After a few minutes, the lights come back on and people continue to browse the individual displays. There are three of these ‘acquisitions’: one showing the highlights of Kennedy’s inauguration, the other showing ‘moon shotsat Rice University, accompanied by dramatic images of the lunar surface. In the center, wraparound screens show off the opera house’s crystal chandelier, historical images of events such as the March on Washington and famous Kennedy quotes. But it’s the presentation from the National Cultural Center’s dinner—now, of course, better known as the Kennedy Center—that knocks out the main message: The arts are essential to the American way of life.
If visitors stay here longer than they expected, it will be because of the interactive elements of the exhibition, which are of course geared towards social media. Part of an inverted wall has a word cloud with “poetry,” “freedom,” “achievement,” and “political” among the hologram-like floating options. As you approach the screen, words fly away and re-form into a Kennedy quote, such as “Art and encouragement of art is political in the most profound sense” or “When power corrupts, poetry cleans.” (The inverted background calls for a selfie.)
The interactive “Dinner Table” recalls Kennedy’s dinner at the White House with prominent writers, dancers, and thinkers, and asks visitors to consider who they’d like to dine with: Amy Tan? Francis Collins? Tennessee Williams? Choose a category, such as “Musicians,” and you’ll be given a choice between actual Kennedy dinner guests, such as Aaron Copeland or Isaac Stern, or more contemporary options, including Dolly Parton, Yo-Yo Ma, and, recent White House visitor Olivia Rodrigo. Select Invited to read inspirational quotes from each topic. “If you don’t like the road you’re taking, start paving another one,” Barton advises.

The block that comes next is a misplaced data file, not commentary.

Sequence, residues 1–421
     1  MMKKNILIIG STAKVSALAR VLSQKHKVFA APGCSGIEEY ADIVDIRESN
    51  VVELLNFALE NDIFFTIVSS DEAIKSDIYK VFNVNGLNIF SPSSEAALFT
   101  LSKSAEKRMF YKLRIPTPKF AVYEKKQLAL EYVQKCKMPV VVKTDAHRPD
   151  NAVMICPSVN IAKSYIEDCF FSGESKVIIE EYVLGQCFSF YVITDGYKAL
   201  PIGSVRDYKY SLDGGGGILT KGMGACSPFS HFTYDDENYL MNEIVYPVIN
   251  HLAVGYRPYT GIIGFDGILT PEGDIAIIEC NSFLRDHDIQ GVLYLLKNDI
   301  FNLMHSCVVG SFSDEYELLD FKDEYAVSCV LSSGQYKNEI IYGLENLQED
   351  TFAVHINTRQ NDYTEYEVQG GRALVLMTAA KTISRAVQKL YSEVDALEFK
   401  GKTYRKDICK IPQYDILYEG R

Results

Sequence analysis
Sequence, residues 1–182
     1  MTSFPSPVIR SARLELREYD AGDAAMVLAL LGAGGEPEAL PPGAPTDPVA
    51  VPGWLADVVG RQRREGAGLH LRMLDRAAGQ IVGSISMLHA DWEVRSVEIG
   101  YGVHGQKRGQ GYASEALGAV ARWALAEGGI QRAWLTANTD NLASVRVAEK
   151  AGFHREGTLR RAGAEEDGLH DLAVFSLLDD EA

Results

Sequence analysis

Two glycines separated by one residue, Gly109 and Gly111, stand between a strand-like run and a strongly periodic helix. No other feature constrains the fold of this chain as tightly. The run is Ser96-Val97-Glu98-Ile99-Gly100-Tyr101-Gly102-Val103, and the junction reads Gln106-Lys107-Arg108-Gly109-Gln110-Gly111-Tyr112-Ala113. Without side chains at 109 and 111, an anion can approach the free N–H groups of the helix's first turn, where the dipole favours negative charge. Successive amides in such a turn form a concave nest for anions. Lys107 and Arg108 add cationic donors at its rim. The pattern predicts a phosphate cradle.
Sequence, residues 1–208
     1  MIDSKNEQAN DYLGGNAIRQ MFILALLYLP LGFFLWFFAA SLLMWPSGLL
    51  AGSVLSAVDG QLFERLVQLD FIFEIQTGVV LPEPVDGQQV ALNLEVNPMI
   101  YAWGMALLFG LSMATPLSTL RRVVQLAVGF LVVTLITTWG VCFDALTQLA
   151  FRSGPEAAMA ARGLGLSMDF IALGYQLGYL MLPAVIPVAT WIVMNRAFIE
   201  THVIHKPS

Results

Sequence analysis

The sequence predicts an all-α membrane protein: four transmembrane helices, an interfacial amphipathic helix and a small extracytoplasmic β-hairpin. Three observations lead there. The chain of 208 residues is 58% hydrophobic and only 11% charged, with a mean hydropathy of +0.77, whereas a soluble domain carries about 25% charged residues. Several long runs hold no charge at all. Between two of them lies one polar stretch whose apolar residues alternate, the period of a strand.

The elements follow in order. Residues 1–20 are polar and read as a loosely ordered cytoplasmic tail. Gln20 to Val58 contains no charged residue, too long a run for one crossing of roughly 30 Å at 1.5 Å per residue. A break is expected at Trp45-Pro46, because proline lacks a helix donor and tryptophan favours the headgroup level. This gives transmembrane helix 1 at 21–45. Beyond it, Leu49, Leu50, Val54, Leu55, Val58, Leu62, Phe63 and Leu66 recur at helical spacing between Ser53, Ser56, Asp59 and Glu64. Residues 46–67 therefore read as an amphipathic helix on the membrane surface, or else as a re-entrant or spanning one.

I’m willing to bet that the most popular attraction will be a touchscreen kiosk that allows visitors to create a self-portrait in the style of Eileen de Kooning, who captured Kennedy in a series of Pictures in the sixties. Choose a color palette, scribble some abstract lines in the background, then stand up to take a picture. The “painting” appears before your eyes with brush strokes or charcoal washes, looking like the most artistic smartphone filter ever. The QR code allows you to download the image and inevitably post it to social media, because you will want to show it.
At the gallery’s opening ceremony, Rose Kennedy Schlossberg, Kennedy’s granddaughter, noted that while the venue’s name honors the late president, “there was nowhere in the Kennedy Center to recognize him yet.” For boom-boommen who remember their place on November 22, 1963, and Generation Z theatergoers for whom JFK was a name in an AP history class, this new territory is a chance to see why The Washington Post Kennedy once called “the best culture ever was.” Friends have been in the White House since Thomas Jefferson’, and how he used the land’s highest office to shape a national conversation about the arts. It’s worth arriving a half hour or an hour before the NSO or Millennium Stage performance to explore the venue or visit solo for fans of presidential history.
“Arts and Ideals: President John F. Kennedy” is located on the roof terrace level of the Kennedy Center, 2700 F St. N.W. kennedy-center.org. Open daily from noon to midnight. free.